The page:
Update: The guidance below will be superseded upon the new lease accounting standard becoming effective for most private companies in 2020. For further information on the upcoming changes to lease accounting, see our article on preparing for the new lease standard.
Many leases include incentives offered in the form of free or reduced rent, or up-front cash payments for items like moving expenses or improvements needed to customize the rental space as an enticement for a lessee to sign a lease. These lease incentives require specific accounting treatment in order to be recorded in accordance with U.S. GAAP.
Tenant incentives, whether given in the form of a rent reduction or as an actual cash payment, are recorded as a deferred credit when received and are figured into the straight-line rent expense, which is recognized over the life of the lease. Tenant improvement allowances can either be paid for directly by the landlord or reimbursed by the landlord to the tenant. In either circumstance, a deferred credit for the amount provided must be recorded when the landlord has provided funding for the improvements. These tenant improvements are recorded as fixed assets on the tenant’s books. Amortization of the deferred credit and amortization of the tenant improvement asset are both determined on a straight-line basis over the lesser of the term of the lease or the estimated life of the improvements. The tenant improvements will be amortized to amortization expense, which is usually reported with depreciation for financial reporting. The related amortization of the deferred credit for the tenant improvement allowance will result in a corresponding reduction in rent expense over the life of the lease.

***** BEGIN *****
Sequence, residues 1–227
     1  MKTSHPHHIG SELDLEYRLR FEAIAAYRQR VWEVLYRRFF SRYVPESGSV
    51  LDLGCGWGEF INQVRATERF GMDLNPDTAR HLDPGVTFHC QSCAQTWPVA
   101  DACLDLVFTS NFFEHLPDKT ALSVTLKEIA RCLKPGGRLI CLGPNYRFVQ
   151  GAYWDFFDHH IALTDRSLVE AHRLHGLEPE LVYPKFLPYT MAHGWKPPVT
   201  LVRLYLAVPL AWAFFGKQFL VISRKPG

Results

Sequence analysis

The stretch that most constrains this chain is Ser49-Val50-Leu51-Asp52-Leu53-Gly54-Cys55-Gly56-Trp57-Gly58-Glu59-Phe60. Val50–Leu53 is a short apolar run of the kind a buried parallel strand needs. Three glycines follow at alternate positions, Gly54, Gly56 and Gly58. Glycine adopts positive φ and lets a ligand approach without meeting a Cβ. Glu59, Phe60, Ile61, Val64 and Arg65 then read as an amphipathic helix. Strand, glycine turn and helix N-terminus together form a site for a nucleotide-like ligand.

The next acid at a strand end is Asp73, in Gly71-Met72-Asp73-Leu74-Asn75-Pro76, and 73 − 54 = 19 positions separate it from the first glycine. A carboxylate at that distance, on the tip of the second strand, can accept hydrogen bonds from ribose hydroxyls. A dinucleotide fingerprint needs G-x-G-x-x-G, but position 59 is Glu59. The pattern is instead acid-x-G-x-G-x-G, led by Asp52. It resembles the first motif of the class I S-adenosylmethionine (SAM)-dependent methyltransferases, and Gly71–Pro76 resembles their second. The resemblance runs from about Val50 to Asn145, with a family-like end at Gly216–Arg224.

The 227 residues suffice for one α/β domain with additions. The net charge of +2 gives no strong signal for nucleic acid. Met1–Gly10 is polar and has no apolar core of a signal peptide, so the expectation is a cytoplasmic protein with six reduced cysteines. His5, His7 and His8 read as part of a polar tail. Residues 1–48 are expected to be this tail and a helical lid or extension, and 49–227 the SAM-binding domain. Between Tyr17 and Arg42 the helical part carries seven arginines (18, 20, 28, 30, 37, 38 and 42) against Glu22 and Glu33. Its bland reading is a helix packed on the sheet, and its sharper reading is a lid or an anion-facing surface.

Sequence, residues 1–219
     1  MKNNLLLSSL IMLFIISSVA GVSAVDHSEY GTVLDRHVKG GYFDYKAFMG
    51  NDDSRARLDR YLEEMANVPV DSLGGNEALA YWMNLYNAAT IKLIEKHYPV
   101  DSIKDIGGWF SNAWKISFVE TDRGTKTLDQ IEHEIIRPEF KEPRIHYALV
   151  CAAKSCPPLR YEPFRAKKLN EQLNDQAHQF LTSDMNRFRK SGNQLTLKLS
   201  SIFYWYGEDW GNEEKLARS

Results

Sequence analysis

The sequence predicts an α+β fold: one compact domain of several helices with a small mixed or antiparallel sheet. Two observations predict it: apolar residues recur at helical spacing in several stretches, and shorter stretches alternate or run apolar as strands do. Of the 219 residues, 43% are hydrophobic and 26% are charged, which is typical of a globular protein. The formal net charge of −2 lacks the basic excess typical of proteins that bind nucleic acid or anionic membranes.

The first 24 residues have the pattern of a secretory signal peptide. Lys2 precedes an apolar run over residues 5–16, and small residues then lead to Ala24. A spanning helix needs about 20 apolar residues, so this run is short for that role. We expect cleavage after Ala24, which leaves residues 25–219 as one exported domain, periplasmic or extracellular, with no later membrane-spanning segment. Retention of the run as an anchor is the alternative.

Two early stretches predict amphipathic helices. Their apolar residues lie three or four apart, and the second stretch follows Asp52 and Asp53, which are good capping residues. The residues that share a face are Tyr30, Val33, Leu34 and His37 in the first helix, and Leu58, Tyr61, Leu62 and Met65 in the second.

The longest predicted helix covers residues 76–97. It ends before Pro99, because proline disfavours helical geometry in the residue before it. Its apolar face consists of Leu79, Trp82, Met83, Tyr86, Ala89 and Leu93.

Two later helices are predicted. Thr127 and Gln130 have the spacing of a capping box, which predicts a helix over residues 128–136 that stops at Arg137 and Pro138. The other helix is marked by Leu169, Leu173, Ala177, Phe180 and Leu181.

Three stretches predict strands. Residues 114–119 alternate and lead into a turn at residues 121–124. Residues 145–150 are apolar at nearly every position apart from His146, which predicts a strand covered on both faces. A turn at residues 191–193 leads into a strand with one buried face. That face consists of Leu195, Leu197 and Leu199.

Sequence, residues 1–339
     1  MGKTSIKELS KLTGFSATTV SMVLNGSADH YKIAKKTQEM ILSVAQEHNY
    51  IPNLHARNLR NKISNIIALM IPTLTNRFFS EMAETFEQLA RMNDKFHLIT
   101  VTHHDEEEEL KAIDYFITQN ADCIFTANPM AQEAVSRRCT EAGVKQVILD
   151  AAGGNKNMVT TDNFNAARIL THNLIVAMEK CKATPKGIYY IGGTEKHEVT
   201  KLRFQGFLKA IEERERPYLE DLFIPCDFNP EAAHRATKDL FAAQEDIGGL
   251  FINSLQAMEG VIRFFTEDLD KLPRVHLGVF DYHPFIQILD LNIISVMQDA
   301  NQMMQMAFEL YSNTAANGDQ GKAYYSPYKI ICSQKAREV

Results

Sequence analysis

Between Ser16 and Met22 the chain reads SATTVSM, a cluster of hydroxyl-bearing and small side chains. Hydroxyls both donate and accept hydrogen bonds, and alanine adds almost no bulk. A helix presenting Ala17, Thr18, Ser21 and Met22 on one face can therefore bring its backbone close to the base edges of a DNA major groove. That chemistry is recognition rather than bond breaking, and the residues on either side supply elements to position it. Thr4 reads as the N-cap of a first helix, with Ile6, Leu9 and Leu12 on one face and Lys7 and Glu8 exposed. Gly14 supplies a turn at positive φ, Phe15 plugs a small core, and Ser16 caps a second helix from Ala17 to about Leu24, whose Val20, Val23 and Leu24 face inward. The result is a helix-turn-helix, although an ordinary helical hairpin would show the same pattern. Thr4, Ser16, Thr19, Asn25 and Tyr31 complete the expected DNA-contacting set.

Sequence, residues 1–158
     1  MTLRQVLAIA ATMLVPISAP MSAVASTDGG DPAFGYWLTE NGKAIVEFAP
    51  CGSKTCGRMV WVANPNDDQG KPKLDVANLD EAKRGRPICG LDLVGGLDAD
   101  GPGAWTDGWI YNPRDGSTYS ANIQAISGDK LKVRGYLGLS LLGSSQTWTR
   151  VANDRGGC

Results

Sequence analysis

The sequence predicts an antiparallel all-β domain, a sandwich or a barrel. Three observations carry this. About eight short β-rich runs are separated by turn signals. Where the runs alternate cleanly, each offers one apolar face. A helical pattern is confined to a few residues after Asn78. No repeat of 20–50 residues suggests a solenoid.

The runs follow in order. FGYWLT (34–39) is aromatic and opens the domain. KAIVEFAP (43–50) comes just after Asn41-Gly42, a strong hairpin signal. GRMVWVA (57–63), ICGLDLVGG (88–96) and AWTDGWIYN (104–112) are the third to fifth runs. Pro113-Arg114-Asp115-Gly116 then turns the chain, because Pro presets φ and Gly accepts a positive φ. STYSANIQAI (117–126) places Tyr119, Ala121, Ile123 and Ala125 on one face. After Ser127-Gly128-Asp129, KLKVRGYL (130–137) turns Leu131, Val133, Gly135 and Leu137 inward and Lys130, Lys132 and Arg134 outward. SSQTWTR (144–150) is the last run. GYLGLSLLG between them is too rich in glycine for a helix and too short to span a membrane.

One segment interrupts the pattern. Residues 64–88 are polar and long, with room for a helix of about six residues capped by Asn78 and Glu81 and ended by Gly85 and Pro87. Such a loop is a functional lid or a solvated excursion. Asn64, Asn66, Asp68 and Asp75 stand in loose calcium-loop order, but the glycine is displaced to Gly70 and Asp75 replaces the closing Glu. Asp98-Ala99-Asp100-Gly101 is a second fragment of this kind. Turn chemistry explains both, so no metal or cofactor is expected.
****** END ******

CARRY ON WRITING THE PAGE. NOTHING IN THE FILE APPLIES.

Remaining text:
Given the variety of ways landlords can provide lease incentives, it can become tricky not only to identify all the items that need to be recorded, but also to determine whether an incentive or an allowance has been received. For anyone entering into a new lease, reading the entire lease – as simple as that sounds – is a key step in successfully identifying and recording the proper transactions. Though there may not be an initial outflow of cash in connection with a new lease, a tenant may have some accounting considerations related to the lease that must be recorded at the lease’s inception.
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